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Is the big bang cosmology in conflict with Judeo-Christian theology?

David H. Bailey
1 Jan 2017 (c) 2017

The "big bang" is a name given to the origin event of our universe, which scientists now date at roughly 13.7 billion years ago. In the early minutes of the universe, as currently understood by scientists, all fundamental particles of matter formed, and the four fundamental forces (electromagnetism, weak nuclear force, strong nuclear force, gravitation) assumed their current forms. For additional details on the scientific details of the big bang cosmology theory, see Big bang.

The big bang cosmology has attracted a great deal of attention from theologians, due to its resemblance of the ex nihilo (from nothing) creation of the universe, and thus many theologians have asserted that God is the agent who set the universe into existence at the big bang. For instance, Robert Jastrow wrote [Jastrow1978, pg. 116]

At this moment [as a result of big bang cosmology] it seems as though science will never be able to raise the curtain on the mystery of creation. For the scientist who has lived by his faith in the power of reason, the story ends like a bad dream. He has scaled the mountains of ignorance, he is about to conquer the highest peak; as he pulls himself over the final rock, he is greeted by a band of theologians who have been sitting there for centuries.

However, there are some significant difficulties with such interpretations. To begin with, the big bang cosmology offers no comfort at all to those preferring the traditional creationist worldview, since it describes the origin of the universe some 13.7 billion years ago, far older than the creationist timeline. In addition, a theological identification of the big bang with God's creation is something of a thinking stopper -- it leaves numerous big questions unanswered:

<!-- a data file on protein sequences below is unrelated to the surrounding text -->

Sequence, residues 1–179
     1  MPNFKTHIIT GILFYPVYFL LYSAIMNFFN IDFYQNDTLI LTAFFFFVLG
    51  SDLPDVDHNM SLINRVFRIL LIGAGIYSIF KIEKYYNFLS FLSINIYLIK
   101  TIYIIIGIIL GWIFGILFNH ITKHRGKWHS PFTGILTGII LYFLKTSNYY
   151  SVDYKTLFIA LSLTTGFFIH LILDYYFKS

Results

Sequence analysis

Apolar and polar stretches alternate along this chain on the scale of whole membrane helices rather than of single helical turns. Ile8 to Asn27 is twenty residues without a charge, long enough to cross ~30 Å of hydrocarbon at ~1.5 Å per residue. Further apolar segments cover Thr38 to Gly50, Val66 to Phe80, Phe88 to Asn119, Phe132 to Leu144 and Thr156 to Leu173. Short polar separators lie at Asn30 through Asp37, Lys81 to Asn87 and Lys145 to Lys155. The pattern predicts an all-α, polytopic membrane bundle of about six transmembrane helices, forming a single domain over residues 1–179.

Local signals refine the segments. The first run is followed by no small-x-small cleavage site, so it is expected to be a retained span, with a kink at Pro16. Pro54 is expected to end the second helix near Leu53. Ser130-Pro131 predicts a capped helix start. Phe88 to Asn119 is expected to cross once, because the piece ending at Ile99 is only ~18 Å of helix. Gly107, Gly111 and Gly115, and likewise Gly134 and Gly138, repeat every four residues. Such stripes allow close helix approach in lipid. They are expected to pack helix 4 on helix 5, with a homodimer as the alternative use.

Recently William Lane Craig, a Catholic theologian at Catholic University of Louvain, and Quentin Smith, a professor philosophy at Western Michigan University, engaged in a published debate on the theological implications of big bang cosmology [Craig1993]. Craig started out by arguing that the finite past implicit in the big bang was consistent with the notion of God creating the universe. Smith countered at length, arguing that big bang is inconsistent with Judeo-Christian theism, and that, in particular, the big bang has no "cause." Both then addressed some more recent developments, such as Stephen Hawking's "no boundary" version of big bang cosmology. This debate turned on many very technical details, and, in the end, both parties agreed to disagree.

Similarly, Canadian-American physicist Lawrence Krauss, in his 2012 book A Universe from Nothing: Why There Is Something Rather than Nothing [Krauss2012], provocatively argues that modern physical theories suggest that indeed, the universe could have arisen from a random quantum fluctuation, thus removing any need to hypothesize a supernatural creator. But other researchers are not so sure. Noted physicist Alexander Vilenkin argues that all current theories still demand a beginning [Grossman2012]:

Such debates illustrate the difficulty in trying to wed religion with some particular scientific theory. And what if the theory changes? This is underscored by the recent rise of the "multiverse" cosmology (see Multiverse). Those same theologians who were so fond of the big bang cosmology now have to consider what their theology means in the context of the multiverse. As philosopher John Haught (a Roman Catholic) notes [Haught1995, pg. 109]:

And although it may seem for the moment that big bang physics is smoothing over some of the friction between science and religion, we know that science will continue to change. And if the big bang theory is eventually discarded as premature or inaccurate, then on what ground will those theologians stand who now see it as a vindication of theism?

And while such discussions may be engaging and intriguing, one can ask whether they relate in any substantive way with the sort of religion that most religious believers experience. Haught warns of these difficulties in the following terms [Haught1995, pg. 131]:

For even if scientists concluded that some intelligent being had tinkered with the initial conditions and cosmological constants, pointing them in the direction of life and mind, this "being" would still be an abstraction, and not the living God of religion. It would be a great empty plugger of gaps, and not the personal God of Abraham, Jesus and Muhammad. The [strong anthropic principle] is no more capable of confirming or deepening our religious life than are the old arguments of God's existence. The realms of science and religion are radically distinct. Once again, then, in the interest of maintaining the integrity of both religion and science, we refuse to derive any theological consequences or religious comfort from this spuriously popular "scientific" theory.

This is discussed in greater detail at Harmony.


[See Bibliography].